“Could I stretch what we would get for selling our house and pensions? Could I stretch out that basically forever?” he said.

Finally, they picked Ecuador’s thirdlarge­st city, Cuenca – after driving around the majority of the country in a rental car.

“It was like being in a different world,” he said, referring to the cobbleston­e streets and old European architectu­re – its city center is a UNESCO World Heritage Site. The city is charming and safe, with springtime weather year- round. There are bakeries, outdoor cafes and views of the mountains.

Consider finances to move abroad

It was an affordable place for the Harrisons to live, plus the country uses the U. S. dollar as its currency, so they didn’t have to go through complicate­d money conversion­s or pay attention to the currency rate. “The places we had lived weren’t particular­ly cheap – like Vermont or New York,” he said. At the time, about 20 years ago, they were able to live on a few hundred a month in Cuenca.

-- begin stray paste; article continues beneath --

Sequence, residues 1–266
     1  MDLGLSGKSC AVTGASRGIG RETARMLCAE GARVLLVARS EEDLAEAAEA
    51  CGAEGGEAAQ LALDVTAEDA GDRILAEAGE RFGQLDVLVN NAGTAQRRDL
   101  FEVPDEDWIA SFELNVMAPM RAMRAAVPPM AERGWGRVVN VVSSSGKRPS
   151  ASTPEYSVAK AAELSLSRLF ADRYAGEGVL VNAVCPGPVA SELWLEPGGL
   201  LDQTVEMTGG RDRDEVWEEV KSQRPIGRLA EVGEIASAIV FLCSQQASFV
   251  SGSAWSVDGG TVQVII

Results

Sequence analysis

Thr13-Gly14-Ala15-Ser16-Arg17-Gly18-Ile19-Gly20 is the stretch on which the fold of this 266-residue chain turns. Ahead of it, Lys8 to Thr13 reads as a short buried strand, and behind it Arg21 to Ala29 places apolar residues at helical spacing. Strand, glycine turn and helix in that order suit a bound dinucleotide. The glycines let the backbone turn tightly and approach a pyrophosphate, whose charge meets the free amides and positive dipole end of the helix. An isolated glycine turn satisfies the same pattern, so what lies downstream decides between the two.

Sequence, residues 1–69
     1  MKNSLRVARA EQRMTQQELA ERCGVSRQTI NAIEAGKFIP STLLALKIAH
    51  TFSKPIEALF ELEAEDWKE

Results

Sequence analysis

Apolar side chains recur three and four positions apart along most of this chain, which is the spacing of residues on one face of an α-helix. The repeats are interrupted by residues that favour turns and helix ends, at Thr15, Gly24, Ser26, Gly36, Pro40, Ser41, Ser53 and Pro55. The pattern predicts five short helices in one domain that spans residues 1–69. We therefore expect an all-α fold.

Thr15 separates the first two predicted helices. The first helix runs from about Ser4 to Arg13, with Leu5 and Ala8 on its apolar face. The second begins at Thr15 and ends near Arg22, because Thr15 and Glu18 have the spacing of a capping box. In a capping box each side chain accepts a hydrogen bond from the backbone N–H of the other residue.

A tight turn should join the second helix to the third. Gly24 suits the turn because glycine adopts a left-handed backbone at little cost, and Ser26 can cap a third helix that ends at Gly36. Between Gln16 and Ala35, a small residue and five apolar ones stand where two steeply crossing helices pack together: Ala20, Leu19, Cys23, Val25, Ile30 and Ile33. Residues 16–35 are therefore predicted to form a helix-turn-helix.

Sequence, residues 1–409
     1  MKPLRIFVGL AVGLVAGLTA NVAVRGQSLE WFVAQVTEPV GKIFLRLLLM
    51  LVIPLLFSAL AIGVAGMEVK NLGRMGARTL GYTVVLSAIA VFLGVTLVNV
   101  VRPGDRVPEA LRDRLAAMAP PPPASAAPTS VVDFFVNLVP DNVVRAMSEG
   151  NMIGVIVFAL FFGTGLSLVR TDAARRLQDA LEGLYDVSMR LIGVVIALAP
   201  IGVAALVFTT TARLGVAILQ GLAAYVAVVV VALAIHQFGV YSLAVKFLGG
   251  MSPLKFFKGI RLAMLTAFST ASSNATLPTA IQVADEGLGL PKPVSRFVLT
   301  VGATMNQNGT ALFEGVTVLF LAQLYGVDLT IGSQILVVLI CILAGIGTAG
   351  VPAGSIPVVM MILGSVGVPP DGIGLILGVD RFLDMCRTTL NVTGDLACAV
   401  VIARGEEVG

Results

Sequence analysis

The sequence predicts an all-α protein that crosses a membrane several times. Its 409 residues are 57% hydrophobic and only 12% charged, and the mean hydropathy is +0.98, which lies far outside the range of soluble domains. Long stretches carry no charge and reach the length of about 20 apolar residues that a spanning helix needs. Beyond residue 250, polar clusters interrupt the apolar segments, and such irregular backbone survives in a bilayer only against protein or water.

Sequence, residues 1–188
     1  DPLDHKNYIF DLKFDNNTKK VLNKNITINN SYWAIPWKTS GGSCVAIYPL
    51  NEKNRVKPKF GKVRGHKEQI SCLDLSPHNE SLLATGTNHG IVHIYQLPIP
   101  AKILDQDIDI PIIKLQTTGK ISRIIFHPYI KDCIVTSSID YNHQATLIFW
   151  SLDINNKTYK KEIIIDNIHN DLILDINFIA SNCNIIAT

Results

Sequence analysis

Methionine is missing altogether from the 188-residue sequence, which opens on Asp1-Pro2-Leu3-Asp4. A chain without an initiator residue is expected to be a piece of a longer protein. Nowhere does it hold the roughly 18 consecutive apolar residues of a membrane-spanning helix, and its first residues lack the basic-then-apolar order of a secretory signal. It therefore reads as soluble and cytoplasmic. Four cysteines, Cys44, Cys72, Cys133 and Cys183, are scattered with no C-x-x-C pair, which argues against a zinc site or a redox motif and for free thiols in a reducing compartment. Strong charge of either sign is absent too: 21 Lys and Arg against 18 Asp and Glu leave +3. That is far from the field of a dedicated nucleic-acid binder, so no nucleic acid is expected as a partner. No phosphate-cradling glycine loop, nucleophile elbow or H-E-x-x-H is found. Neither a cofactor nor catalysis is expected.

“You can go to Mississipp­i or Arkansas with a low cost of living but it’s not the same as living somewhere like Ecuador,” he added.

To get started, Harrison found a real estate agent and also reached out to the U. S. Embassy to find an English- speaking attorney to figure out how to apply for residency. The couple sold their belongings and house in Vermont and made the move in 2001. They didn’t know anyone who lived in Ecuador but were quick to teach themselves Spanish and meet others.

Pricing locals out